Shop with HerKentucky and Louisville Stoneware to benefit The Center for Women & Families!Read More
Christmas Shopping Guide from Lexington’s favorite spot for traditional menswear!Read More
Louisville’s favorite doughnut shop provides great business lessons and even better doughnuts!Read More
Happy Halloween, y'all!
If you're like me, the majority of your day has been spent trying to avoid eating all the Reese's pumpkins. Obviously, a better use of your time would be to shop these great Halloween sales from Kentucky-based businesses! Here are a few of my favorites!
30% off select Halloween Pottery (3 Day Flash Sale!)
30% off orange scarves, quilts, and pouches, today only! (And don't forget that all Anchal Project purchases are helping change the lives of the artisans who create these products!)
A. St. Clair
Use code "Halloween" at astclair.com to take 31% off one piece today only.
Hope y'all find some scary good deals. I'll be handing out candy (even those Reese's pumpkins I'm trying to avoid!) in a Vineyard Vines tee!
Maker's Mark's new restaurant brings hyperlocal ingredients and traditional recipes to the famed distillery.Read More
A few months ago, I won an Everything But the House auction for an amazing set of vintage Louisville Stoneware luncheon dishes and bowls. Now, I've been collecting Stoneware for as long as I can remember, but this is one of the most unique designs I've ever seen. According to the mark on the bottom of the pottery, it was made for Pleasant Hill. Of course, I knew that Pleasant Hill is the home of Shaker Village -- I certainly took in more than a few grade school field trips there -- but I wanted to learn a little more about the pottery and the Shaker Tree of Life logo.
The familiar Tree of Life on the front of the dishes was, of course, a variant of the orange-and-green logo that's represented Kentucky's Shaker Village since the property opened to the public as an inn and restaurant in 1968. A little more research told met that the stylized Tree of Life logo dates back to an 1854 painting by Shaker folk artist Hannah Cohoon. Mrs. Cohoon, perhaps the most famous painter of the short-lived Shaker religious and folk art movement, painted many variants of the Tree of Life theme. (For a fascinating take on Shaker iconography and art, read this New Yorker article.)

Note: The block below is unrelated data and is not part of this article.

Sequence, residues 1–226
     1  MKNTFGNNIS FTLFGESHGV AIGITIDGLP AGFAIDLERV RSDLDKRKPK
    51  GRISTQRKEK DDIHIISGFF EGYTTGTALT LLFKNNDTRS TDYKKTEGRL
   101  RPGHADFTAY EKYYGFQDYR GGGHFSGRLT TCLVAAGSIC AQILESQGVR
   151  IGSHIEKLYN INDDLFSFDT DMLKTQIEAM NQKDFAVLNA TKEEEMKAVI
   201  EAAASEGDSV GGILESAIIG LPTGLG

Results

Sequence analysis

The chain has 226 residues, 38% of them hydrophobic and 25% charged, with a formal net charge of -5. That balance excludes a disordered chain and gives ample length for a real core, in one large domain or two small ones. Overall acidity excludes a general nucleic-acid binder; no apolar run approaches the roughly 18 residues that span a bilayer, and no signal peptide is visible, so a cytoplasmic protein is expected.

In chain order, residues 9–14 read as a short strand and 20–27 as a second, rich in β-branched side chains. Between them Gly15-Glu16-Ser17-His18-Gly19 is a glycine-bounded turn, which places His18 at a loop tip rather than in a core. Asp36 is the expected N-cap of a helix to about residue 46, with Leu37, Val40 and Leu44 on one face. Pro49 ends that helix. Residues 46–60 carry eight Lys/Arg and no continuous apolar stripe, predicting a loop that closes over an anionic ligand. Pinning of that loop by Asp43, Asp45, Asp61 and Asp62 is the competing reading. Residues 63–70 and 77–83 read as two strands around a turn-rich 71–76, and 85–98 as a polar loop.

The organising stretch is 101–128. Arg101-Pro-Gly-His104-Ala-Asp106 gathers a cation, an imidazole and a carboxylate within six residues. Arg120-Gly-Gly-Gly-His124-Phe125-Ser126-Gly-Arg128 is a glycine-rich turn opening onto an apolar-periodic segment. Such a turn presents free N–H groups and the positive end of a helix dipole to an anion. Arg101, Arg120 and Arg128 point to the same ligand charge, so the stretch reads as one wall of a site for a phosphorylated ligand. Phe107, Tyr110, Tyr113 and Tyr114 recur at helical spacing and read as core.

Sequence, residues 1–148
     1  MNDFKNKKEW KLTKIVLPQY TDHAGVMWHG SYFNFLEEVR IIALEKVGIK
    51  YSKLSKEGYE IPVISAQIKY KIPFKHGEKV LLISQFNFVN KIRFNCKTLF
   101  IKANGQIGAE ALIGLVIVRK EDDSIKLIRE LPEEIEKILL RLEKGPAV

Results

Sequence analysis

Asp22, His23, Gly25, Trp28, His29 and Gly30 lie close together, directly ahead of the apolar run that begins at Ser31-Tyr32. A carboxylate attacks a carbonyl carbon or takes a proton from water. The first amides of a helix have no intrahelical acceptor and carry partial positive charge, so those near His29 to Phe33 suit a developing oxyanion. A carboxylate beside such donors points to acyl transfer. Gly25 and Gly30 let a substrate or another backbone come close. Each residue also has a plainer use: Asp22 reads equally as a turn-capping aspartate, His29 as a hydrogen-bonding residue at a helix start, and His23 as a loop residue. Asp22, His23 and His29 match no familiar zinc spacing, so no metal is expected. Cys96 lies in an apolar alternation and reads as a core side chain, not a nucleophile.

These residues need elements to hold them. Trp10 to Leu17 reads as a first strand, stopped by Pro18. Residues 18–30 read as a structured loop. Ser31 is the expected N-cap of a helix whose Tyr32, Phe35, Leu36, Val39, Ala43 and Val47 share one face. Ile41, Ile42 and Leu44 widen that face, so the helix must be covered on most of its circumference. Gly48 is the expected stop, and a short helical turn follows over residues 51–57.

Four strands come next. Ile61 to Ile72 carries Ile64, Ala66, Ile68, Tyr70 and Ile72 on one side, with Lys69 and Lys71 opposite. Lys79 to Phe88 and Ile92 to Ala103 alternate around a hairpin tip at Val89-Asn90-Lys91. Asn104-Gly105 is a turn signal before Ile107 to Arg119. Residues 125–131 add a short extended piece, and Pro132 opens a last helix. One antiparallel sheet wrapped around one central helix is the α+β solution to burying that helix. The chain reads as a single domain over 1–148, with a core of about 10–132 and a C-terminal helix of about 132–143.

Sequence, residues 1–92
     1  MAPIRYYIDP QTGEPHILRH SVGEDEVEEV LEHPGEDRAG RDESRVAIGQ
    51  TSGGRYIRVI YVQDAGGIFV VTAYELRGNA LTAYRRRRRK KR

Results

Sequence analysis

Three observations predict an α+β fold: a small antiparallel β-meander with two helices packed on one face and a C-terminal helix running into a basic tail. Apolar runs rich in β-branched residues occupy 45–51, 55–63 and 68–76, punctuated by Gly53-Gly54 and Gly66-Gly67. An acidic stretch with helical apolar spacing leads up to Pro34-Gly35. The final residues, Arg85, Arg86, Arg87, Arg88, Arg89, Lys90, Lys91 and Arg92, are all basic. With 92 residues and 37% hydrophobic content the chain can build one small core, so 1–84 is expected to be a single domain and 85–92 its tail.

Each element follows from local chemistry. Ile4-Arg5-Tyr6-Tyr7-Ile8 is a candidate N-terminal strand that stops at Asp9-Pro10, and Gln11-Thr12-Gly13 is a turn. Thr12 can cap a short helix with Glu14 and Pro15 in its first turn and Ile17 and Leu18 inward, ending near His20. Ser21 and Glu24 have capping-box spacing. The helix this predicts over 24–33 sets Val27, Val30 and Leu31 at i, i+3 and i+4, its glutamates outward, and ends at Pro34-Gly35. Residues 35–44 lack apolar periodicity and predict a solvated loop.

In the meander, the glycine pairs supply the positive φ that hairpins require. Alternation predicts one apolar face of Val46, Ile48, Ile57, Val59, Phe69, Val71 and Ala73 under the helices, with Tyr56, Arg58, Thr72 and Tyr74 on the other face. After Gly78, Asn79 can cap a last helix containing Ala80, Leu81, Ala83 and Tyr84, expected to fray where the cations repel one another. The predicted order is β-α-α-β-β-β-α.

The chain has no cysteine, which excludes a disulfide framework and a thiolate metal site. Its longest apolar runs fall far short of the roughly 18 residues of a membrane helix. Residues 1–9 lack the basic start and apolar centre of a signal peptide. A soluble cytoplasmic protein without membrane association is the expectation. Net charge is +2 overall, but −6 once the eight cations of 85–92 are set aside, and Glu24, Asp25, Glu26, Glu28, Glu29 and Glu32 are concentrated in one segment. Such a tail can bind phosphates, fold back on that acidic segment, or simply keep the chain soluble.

My research into this awesome pottery pattern got even more interesting when I posted photos of a piece to Instagram, and got some comments from an IG follower who works at Stoneware. She showed photos of the pattern and the branding marks to a longtime Stoneware painter, who dated these pieces to the late 1980s or early 1990s. How fun that social media, online auctions, and a little research could piece together the story of these fun dishes!
Kentucky Derby hats are a tradition as old as the race itself. Meriwether Lewis Clark Jr. organized the race in 1875 based on the Epsom Derby, and Kentucky ladies looked to their British counterparts for fashion inspiration, including the formal hats of the day’s fashion. Over a century later, the tradition remains.
The Hat Girls, the Official Hat Designers of the Kentucky Derby Festival, put a hip couture spin on the traditional Kentucky Derby hat. The Hat Girls’ creations are stunning and unique and often unpredictable, but what can you expect from a duo who cite Lady GaGa as an inspiration and who debate the merits of the color pink? I caught up with the Hat Girls – Louisville natives Rachel Bell and Kate Welsh – to talk about their design inspirations and the best looks for Kentucky Derby 142.
Heather C. Watson: How did The Hat Girls get started?